Prevalence of P. falciparum pure mutant alleles stratified by time since last dose of DP

Sequencing of pfcrt.

As DP may select for additional polymorphisms in pfcrt, we sequenced the gene in a subset of 25 parasitemic samples under strong selective pressure as indicated by emergence within 30 days of prior therapy with DP and in 25 paired samples collected near the same date from children who did not receive DP. We successfully sequenced the full gene in 17 pairs. We identified 9 polymorphisms, 6 of which are commonly reported in African isolates (see Table S1 in the supplemental material). All isolates had the pfcrt 72-76 CVIET or a mix of the CVIET and CVMNT haplotype, except for one isolate that had the pfcrt 72S mutation, resulting in the SVIET haplotype (in all 6 clones from a patient not receiving DP). Two additional polymorphisms, L50P and F112I, were each identified in at least 2 clones from a single isolate, the 50P mutation in a control isolate and the 112I mutation in an isolate from a child recently treated with DP (see Table S2 in the supplemental material). We found 9 pfcrt haplotypes; the majority (76% in the DP arm and 65% in the control arm) were mutant at the six loci that are commonly mutant in Africa (74I, 75E, 76T, 220S, 271E, and 371I) (17). Overall, we saw no evidence that DP selected for novel pfcrt polymorphisms in Ugandan children.


Monthly IPT with DP was highly efficacious in reducing the risks of symptomatic malaria, parasitemia, and anemia in Ugandan schoolchildren (6). However, the chemoprophylactic benefits of a long-acting antimalarial such as piperaquine may be accompanied by selection of drug-resistant parasites (13). We tested whether DP selected for parasites with genotypes associated with altered sensitivity to aminoquinolines. Compared to parasites not under drug pressure, those that emerged within 30 days of IPT with DP were more likely to harbor two mutations, pfmdr1 86Y and pfcrt 76T; these mutations are associated with resistance to chloroquine and amodiaquine (36, 43,45). Thus, the marked preventive efficacy of IPT with DP may be accompanied by selection of decreased sensitivity to aminoquinolines.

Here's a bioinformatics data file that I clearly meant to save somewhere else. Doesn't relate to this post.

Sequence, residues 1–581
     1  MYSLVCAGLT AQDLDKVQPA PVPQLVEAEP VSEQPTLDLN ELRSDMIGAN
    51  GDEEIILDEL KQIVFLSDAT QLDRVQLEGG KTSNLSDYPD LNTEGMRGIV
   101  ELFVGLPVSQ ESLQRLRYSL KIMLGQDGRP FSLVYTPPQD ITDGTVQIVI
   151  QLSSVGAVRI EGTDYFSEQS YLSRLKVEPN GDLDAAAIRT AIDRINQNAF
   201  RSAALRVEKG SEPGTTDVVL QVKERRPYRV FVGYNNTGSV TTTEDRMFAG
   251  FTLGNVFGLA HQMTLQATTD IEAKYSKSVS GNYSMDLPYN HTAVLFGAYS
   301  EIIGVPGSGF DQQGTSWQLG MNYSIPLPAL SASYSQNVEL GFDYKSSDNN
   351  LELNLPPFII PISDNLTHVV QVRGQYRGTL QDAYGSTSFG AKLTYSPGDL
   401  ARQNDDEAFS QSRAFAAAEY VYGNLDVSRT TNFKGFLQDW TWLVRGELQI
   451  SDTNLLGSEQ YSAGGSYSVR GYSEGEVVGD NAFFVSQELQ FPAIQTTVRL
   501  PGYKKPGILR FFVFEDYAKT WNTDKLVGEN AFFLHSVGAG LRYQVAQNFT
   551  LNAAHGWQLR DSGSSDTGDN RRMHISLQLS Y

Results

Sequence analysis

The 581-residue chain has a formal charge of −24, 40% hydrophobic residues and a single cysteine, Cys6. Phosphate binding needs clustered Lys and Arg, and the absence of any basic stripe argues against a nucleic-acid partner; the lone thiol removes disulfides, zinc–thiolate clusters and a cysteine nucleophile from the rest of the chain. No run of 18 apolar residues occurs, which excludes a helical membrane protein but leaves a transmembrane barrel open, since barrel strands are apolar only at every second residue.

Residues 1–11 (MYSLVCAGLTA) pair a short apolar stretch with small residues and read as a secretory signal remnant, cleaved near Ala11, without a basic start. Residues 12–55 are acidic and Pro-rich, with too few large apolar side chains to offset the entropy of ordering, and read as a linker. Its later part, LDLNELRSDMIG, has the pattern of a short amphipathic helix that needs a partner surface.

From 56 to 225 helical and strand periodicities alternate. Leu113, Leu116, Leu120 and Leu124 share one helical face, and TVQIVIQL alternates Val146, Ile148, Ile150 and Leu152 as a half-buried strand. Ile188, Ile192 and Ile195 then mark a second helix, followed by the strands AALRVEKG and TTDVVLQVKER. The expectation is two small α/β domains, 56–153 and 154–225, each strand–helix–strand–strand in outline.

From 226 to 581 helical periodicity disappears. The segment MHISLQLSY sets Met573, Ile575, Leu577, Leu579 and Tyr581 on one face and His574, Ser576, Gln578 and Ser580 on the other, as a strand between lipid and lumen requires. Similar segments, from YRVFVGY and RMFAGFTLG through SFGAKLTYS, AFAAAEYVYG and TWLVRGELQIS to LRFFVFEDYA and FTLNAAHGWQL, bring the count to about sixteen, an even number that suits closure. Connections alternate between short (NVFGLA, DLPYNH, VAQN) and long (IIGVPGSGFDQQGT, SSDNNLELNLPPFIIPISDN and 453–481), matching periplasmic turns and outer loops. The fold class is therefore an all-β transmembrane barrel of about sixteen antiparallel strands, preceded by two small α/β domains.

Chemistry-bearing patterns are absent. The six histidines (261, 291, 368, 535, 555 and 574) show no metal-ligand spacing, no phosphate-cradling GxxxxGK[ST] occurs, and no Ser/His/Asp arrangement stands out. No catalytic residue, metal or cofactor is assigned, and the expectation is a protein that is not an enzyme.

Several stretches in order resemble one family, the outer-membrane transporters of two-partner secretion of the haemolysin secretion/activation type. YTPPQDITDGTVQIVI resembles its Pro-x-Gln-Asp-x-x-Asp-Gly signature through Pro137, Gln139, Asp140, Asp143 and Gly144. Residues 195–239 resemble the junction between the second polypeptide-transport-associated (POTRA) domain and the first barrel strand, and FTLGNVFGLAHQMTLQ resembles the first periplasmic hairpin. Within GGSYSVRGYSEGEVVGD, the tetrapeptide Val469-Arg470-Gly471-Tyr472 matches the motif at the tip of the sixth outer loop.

Resistance to chloroquine and amodiaquine is mediated primarily by polymorphisms in putative drug transporters encoded by pfcrt and pfmdr1 (13, 17). The pfcrt 76T and pfmdr1 86Y and 1246Y mutations are selected in new infections that emerge soon after therapy with regimens including chloroquine or amodiaquine (46). Piperaquine is a related bisaminoquinoline, but mechanisms of resistance are uncertain, and studies of the selective pressure exerted by DP have yielded conflicting results. Specifically, use of DP for treatment (24) or chemoprevention (25) did not select for the polymorphisms associated with aminoquinoline resistance in Burkina Faso, but in Uganda, recent treatment with DP selected for the pfmdr1 86Y and 1246Y mutations (26). Our new results shed additional light on this area. In the setting of IPT in schoolchildren, recent receipt of DP was associated with selection of the pfmdr1 86Y and pfcrt 76T mutations but not the pfmdr1 1246Y mutation. The differing results may have been due to the changing baseline of polymorphism prevalence in Uganda, with decreasing prevalence of pfmdr1 1246Y and pfcrt 76T over time. Differences in results between West and East Africa may also be explained by differences in parasite backgrounds; of note, the pfmdr1 1246Y mutation, which until recently was widespread in Uganda, has consistently been uncommon in Burkina Faso (24, 25, 28).

Importantly, although we lack a head-to-head comparison, it appears that DP does not select as readily as other ACTs for key transporter mutations. In multiple studies, the selective pressure of AS/AQ was marked (47), including a recent trial that showed the prevalence of the pure pfmdr1 86Y mutation to rise from 59% at baseline to 99% in recurrent infections within 1 month of treatment (48). AL also exerts strong selective pressure, but in the opposite direction, with selection of wild-type pfcrt K76 and pfmdr1 N86 and N1246 sequences in parasites that emerge soon after therapy (19, 29). Our recent findings indicate that DP selects for resistance in a manner similar to that of the other aminoquinolines, but associations between recent therapy and transporter polymorphisms were less marked, suggesting that the selective pressure of DP is lower than that of other regimens. This difference might be due to different mechanisms of transport for piperaquine, a much larger molecule than chloroquine or amodiaquine.